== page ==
Getting the pump in

This is looking like on of my Mc Gyver style of solutions.
The empty can is cut open at the top with a hole just big enough to allow the pump to pass through.

It took a bit of thinking how to connect everything. I was thinking of adding a plate on top with all connections but after some time I came up with the perfect solution: Just use the available holes where the lids used to be.

3D printing some caps

In the post Mc Gyver era, we don't use duct tape as often as before. Nowadays we have 3D printers to make custom parts out of plastic and I used some silicone sealant to make stuff water tight.

The transparant thing is a flow sensor, this is going to be used to check if the coolant is still running. I printed an adapter to mount a G1/8 press fit connector on the G1/2 thread on the sensor. It is nice to have a DLP printer that allows printing these threads since I do not have taps for those, maybe more on this later. The flow sensor is mounted inside the tank, there are no couplings in the tubes running to the spindle to prevent any leakages.
A second piece, printed on my FDM printer in PLA, holds the tubes and wires in place. Silicone sealant is used to keep the 8mm tubes in place and the original cap will be used to keep everything in place.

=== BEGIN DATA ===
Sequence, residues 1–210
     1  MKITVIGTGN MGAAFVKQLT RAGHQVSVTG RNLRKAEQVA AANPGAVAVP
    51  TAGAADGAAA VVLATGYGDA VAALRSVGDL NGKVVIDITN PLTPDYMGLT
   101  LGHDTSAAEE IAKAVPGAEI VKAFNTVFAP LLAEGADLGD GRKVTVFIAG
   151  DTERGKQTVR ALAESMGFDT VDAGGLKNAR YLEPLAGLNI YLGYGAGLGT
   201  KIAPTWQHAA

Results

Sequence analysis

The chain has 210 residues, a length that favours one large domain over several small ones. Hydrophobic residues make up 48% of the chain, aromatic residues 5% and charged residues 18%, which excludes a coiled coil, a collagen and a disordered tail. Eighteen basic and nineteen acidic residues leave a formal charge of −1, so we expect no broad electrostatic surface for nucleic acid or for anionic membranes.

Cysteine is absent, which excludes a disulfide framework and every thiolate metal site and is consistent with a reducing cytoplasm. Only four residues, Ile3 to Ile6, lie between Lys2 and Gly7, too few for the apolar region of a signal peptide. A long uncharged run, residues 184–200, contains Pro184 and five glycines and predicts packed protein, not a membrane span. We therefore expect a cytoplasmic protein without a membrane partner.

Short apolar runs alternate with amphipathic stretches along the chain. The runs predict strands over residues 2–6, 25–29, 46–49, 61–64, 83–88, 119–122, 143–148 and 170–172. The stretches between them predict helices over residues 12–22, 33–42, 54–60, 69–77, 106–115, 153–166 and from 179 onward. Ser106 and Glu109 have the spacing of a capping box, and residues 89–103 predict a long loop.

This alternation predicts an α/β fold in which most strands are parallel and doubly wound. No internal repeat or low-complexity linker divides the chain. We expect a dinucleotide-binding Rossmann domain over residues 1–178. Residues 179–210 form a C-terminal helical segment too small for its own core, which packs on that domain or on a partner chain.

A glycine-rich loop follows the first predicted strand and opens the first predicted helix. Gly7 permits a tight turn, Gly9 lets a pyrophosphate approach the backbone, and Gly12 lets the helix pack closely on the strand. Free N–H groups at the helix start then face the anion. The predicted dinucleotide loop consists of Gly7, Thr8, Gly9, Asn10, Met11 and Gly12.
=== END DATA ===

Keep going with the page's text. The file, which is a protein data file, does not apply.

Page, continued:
Gentlemen, start your engines

With everything mounted it is time for a final test run.
The jerry can is filled with coolant liquid, the same type used for car engines. I use coolant liquid because of rust prevention. Regular water may (will!) result in rust forming, G12 coolant liquid uses ethylene glycol which helps in preventing ay rust forming.

The big flap that I cut out in the jerry can is hold in place with a bracket and a few screws and to prevent moist escaping I taped the edges.

Time to connect the pump for the final test run. The pump starts buzzing and I see liquid running through the tube up to the spindle. Quickly after this I decide to make a small change to my setup: The water makes a nice soothing sound when it falls back into the jerry can - no need for a flow sensor at all...

Mounting the spindle and mist coolant system

Meanwhile I adapted the original spindle mount. I removed the flanges on the side and made some mounting holes to make it fit on the Z-axis instead of the original back plate that was on the Colinbus.

If I get the time I might change this. It's one big heavy, ugly, block of aluminum but for now this works.

The mist coolant system is another find on Aliexpress. This is a minimal coolant solution, minimal because it uses a minimal amount of coolant instead of a heavy flow of cooling oil. It is good for use with evaporative oils like Shell Fenella VD 201 N but I intent to use it with ethanol, which is perfect for aluminum.
The nozzle contains a venturi valve to evaporate the cooling liquid.

As delivered, the blue tube is way to long and I need to remove most of the links to mount this on my machine. With the venturi valve in the nozzle, this means that there is a separate tube running through the blue part for the liquid. It takes some fidgeting to get the tube mounted on the nozzle again.
The nozzle is highly oversized with a 2mm wall thickness resulting in drops of liquid forming at the end of the nozzle. Nothing that cannot be fixed on the lathe though. Another step forwards.